Two recent essays made me think further about the challenges and opportunities for forging global agreements on regulating artificial intelligence.
In the first one, EV member Mustafa Suleyman, co-founder of Pi and DeepMind, argues that the U.S. could use its influence over GPU suppliers like NVIDIA to enforce minimum standards. And another where Nathan Benaich and Alex Chalmers suggest excluding China from the upcoming AI Safety Summit due to its bad faith behavior. These diverging perspectives encapsulate the intricate issues facing AI governance and compel us to examine the role of nation-states, industries, and global institutions in forging sustainable solutions.
I know that many readers are trying to make sense of this. So, I took a moment to record a commentary on this complex question for paying members of Exponential View. I will break down…
The evolving landscape of technology governance,
The complex case of excluding China,
How to approach building a resilient process for AI governance.
As we navigate this narrow corridor, the pressing need is not just for standards or rules, but for a dynamic framework that accommodates the multifaceted nature of AI and its implications for global society.
⏳ If you’re short on time, check out the digest of my commentary below.
The evolving landscape of technology governance
Historically, technology standards have been market-driven, largely determined by American firms and backed by the U.S. government. The Internet’s own adolescent development during the 1980s and 1990s reflected a particular set of values associated with the West Coast of the U.S., and it framed how much of the Internet still operates today. But this isn’t a question of whether those standards were good or not…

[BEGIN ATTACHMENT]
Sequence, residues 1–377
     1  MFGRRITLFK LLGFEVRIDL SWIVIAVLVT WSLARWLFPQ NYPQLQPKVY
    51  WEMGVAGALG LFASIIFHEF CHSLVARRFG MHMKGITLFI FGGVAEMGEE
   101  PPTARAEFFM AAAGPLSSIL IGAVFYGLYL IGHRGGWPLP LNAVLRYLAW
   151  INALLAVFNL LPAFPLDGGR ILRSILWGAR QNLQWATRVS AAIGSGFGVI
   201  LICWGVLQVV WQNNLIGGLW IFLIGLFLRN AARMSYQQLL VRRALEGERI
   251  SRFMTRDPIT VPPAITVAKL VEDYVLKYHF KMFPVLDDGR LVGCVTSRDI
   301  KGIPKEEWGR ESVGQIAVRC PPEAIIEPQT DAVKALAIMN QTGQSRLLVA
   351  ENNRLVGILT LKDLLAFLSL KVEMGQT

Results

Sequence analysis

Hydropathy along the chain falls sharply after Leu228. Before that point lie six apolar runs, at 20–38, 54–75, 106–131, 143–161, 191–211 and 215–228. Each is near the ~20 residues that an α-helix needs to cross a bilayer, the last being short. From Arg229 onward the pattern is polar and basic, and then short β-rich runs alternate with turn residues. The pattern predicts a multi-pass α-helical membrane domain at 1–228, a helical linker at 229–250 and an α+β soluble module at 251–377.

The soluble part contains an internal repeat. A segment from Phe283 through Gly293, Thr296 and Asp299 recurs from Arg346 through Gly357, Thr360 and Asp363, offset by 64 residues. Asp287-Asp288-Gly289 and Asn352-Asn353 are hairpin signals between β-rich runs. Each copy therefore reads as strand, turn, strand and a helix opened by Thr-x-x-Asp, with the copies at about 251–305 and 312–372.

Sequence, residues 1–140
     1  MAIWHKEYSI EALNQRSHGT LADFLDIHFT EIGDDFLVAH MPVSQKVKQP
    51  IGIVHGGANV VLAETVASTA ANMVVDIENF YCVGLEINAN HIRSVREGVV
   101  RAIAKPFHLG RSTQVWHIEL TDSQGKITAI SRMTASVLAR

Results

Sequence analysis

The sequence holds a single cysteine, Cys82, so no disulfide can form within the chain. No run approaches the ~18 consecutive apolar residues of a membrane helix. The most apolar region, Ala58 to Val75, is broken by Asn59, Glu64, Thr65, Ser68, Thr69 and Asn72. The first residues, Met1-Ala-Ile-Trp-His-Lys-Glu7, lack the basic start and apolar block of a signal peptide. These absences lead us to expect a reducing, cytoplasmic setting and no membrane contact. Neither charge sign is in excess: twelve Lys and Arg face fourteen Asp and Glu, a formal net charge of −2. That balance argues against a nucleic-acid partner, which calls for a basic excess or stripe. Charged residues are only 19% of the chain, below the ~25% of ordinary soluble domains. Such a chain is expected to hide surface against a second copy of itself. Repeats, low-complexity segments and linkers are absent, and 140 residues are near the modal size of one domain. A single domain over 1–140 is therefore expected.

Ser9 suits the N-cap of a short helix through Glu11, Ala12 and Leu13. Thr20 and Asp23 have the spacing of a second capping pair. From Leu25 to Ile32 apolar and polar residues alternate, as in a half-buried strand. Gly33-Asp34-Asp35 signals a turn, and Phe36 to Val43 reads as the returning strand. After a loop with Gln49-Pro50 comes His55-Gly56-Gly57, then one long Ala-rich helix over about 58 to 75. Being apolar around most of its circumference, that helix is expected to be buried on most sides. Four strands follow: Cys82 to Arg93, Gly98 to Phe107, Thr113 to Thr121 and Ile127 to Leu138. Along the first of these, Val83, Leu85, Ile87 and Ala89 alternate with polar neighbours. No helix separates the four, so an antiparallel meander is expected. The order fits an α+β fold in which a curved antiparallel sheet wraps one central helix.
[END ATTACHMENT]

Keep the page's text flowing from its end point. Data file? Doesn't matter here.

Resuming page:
This is a question about what processes lead to certain global agreements, and whether those agreements should happen at the nation-state level or involve multiple stakeholders. The Internet was modelled in multi-stakeholder process for the last thirty years or so, and it’s done quite well. There are examples in other industries. In the financial services industry, for example, Basel II and its successor Basel III1 brought together regulators, national regulators, and also bankers themselves in a process to figure out what stability ought to look like, what the various tools are to maintain it, and the triggers to assess potential risks.
Systemic risks and dual-use dilemma
AI is not a singular entity but an interconnected system, making it vulnerable to cascading failures that could have global ramifications. Additionally, the dual-use nature of AI—its application for both beneficial and harmful purposes—necessitates established principles to guide its development and use. The urgency for collective action is magnified against a backdrop of geopolitical fragmentation, epitomised by the emergence of new power blocks like BRICS2 challenging a dollar-dominated global economy.